User modelling and personalization have proved to play a strategic role in adapting the behaviour of intelligent systems to the specific characteristics of their users. In this context, it is important to define accurate techniques to extract the user’s characteristics, interests and preferences so that they can be used in the next steps of the personalization pipeline (adaptation, recommendation, etc.). While personalization is being extensively studied in domains characterized from the digital-object consumption (e-commerce, news, music, video recommendations, etc.), there is little work on personalization in the public domain, and, in particular in the context of services to the citizens developed in Smart Cities.
In the context of Smart Cities and other eGovernment scenarios the user is the citizen, which introduces new challenges for personalization models. For example, there are potentially ethical (including privacy) issues related to the fact that citizens might be in a dependence relationship with governments, and automatic user profiling might be considered “big brother” and not desirable. On the other hand, Smart Cities can have access to very detailed data about the citizens’, e.g., using urban sensing devices, which can support new personalization models.
Following on the successful editions of the UMAP-PEGOV workshops of last two years, this third workshop focus on Smart Cities and Territories, two among the most important assets in public governance in the next future. The goal of the workshop is to stimulate further interest of the scientific and business communities on opportunities and challenges provided by the incorporation of personalization methods in the governance of Smart Cities and Territories.
Some questions that motivate this workshop:
- Can personalization methods support the design of services and applications, which better adapt to the different roles of citizens and companies?
- Which user characteristics (demographic, cultural, family, etc.) can influence the design and delivery of personalized services for Smart Cities and Territories?
- How can citizens be involved in the design of adaptive service platforms in different domains (e-gov, e-health, public services, etc.)?
- Are the general techniques adopted for user modeling and profiling in different domains exploitable for modeling the citizen characteristics?
- What services can be useful for a patient-empowered Smart Health?
- How privacy and ethically issues affect the feasibility of effective personalization methods in the Smart Environments?
- Can semantic models and ontologies support the representation of prototypical users in order to identify categories of citizens based on different characteristics?
- How can service personalization decrease the costs for public administrations, increasing at the same time the value delivered to the citizen?
- Would personalization methods be favorably accepted and desired by citizens?
- How can ethical issues (big brother) and privacy influence the trust in personalized services?
Topics of interest
Topics of interests include but are not limited to:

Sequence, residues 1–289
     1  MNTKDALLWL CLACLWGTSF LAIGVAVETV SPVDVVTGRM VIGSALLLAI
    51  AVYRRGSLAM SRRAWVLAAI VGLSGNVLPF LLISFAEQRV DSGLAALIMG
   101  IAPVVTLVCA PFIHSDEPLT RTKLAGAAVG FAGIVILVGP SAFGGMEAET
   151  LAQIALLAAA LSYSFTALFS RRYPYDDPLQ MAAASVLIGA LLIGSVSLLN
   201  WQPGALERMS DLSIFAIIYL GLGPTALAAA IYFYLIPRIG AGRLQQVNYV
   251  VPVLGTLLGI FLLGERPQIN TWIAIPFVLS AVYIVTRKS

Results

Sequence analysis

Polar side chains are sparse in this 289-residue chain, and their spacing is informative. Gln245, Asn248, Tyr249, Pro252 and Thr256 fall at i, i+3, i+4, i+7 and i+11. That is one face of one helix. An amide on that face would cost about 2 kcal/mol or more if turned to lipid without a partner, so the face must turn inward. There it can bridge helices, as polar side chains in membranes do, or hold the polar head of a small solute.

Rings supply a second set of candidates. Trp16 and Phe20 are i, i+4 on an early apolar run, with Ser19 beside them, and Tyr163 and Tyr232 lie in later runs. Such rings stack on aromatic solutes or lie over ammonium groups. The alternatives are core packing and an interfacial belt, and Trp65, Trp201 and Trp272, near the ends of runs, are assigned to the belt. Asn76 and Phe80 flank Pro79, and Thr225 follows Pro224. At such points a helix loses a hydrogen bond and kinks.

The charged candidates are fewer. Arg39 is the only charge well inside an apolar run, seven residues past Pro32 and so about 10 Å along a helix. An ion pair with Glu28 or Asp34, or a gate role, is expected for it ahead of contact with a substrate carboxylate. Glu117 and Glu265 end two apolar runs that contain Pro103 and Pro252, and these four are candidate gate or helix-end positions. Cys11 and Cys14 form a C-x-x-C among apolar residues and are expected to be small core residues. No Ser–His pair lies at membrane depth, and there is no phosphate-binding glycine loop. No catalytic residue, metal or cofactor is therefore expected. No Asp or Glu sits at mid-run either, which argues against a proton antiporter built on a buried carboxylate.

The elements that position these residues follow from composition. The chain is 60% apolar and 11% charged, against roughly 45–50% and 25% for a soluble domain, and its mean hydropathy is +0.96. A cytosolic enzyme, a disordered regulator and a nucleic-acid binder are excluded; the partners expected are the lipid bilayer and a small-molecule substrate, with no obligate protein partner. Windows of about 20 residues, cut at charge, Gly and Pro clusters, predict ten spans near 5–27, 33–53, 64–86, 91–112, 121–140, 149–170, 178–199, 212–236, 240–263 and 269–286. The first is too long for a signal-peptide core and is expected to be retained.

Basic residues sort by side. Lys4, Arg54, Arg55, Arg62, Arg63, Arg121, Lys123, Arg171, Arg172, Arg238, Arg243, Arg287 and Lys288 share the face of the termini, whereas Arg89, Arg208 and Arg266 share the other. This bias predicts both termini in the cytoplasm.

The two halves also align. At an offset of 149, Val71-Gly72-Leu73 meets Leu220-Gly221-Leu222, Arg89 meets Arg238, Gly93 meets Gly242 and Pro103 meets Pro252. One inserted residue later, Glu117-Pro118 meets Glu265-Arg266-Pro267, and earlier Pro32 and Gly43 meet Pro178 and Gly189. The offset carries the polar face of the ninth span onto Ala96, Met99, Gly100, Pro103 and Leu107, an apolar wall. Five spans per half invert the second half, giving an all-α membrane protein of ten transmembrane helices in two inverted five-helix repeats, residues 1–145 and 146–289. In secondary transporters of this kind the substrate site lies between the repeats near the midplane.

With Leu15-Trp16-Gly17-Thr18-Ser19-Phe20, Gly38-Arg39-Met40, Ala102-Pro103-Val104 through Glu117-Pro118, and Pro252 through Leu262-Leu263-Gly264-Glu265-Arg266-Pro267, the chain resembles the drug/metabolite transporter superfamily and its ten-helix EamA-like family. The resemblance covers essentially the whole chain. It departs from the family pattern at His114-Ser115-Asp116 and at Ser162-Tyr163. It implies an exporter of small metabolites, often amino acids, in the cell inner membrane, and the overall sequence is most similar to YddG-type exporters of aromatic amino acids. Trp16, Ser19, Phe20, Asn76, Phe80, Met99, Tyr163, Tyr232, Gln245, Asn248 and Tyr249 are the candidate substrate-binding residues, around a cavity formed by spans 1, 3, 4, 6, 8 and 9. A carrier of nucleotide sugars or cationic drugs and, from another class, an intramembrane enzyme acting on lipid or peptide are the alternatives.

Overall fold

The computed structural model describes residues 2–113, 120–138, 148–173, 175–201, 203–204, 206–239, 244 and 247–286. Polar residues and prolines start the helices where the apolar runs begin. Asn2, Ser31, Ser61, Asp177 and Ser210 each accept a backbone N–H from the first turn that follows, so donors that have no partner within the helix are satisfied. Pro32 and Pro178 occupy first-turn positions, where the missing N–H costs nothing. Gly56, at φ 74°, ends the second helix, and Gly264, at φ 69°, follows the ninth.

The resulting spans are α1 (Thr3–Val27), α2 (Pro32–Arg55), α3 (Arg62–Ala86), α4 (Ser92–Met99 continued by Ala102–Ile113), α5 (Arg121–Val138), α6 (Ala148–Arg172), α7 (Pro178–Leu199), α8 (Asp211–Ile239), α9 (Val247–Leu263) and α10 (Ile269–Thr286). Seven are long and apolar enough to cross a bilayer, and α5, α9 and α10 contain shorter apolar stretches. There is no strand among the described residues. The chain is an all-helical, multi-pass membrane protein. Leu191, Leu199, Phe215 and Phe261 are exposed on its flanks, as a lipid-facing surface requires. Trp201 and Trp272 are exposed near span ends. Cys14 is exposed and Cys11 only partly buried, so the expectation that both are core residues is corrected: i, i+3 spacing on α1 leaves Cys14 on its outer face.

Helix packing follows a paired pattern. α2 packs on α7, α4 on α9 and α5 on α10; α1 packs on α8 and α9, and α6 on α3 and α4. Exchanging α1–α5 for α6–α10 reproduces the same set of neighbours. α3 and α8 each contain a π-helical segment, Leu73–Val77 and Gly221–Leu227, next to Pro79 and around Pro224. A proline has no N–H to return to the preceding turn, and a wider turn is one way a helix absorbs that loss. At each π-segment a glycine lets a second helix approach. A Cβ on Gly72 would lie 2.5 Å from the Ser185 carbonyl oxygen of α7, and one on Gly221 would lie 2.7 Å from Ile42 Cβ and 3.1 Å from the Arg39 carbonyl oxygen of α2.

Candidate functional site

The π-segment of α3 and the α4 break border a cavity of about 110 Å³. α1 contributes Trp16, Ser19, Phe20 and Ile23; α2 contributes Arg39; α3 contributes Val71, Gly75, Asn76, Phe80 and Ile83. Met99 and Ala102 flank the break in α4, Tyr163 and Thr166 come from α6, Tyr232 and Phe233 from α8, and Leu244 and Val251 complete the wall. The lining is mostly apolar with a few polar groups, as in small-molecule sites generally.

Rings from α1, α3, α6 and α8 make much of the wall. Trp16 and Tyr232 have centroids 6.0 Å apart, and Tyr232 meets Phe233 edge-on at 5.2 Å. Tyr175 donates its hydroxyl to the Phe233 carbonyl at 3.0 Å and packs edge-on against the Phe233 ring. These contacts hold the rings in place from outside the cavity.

- Motivations, benefits, and issues of personalization in e-Gov and Smart Cities
- Approaches for the personalization of inclusive, personal and interactive services to citizens
- User and context awareness in personalization of services to the citizens
- Multilingual services to citizens
- Adaptation, personalization and recommendation models and goals in city services
- User, group and family modeling in e-Gov and Smart Cities
- Mining of user behavior, opinion mining, and sentiment analysis in e-Gov and Smart Citizens
- Gamification and Crowdsourcing for mining citizens’ profiles and opinions
- Services for personalized access to (Linked) Open Government Data
- Persistence, removal, and update of citizen profiles
- Semantic techniques for user profiling and personalization in e-Gov and Smart Cities
- Ethical issues, including privacy, in e-Gov and Smart Cities
- Usability of services to citizens
- Evaluation of personalized services in e-Gov and Smart Cities
- Applications of personalization methods in e-Gov and Smart Cities
- Communities and social networks in participatory e-Gov and Smart Cities
- Citizen-centred service design and modelling
- E-health and Smart Health
- Abstract Submission deadline (not mandatory): March 25, 2015
- Paper Submission deadline: March 31, 2015
- Acceptance Notification: April 24, 2015
- Camera-ready due: May 4, 2015
- Research papers describing original studies of no more than 10 pages;
- Position papers presenting opinions or work in progress of no more than 6 pages;
- Business experience and case studies of no more than 6 pages.
All submitted papers will be evaluated by at least two members of the program committee,
based on originality, significance, technical soundness, and clarity of expression.
Papers should be formatted according to the LNCS format
(detailed formatting instructions can be found at: http://www.springer.de/comp/lncs/authors.html)
Submissions must be made through the EasyChair conference system prior the specified deadline
(all deadlines refer to Pacific Standard Time – 11:59pm).
At least one of the authors should register and take part at the conference to make the presentation.
The final proceedings will be published in the CEUR-WS volume of UMAP 2015.Expected Participants:
Public/Private sector, academia.
Nikolaos Loutas, PwC, Belgium
Fedelucio Narducci, University of Bari "Aldo Moro", Italy
Adegboyega Ojo, Insight@NUI, Ireland
Matteo Palmonari, University of Milano-Bicocca, Italy
Cécile Paris, CSIRO Computational Informatics, Australia
Giovanni Semeraro, University of Bari "Aldo Moro", ItalyState: Pending
For more information about the workshop please visit the website: http://pegov.disco.unimib.it/
Trinity College Dublin (TCD)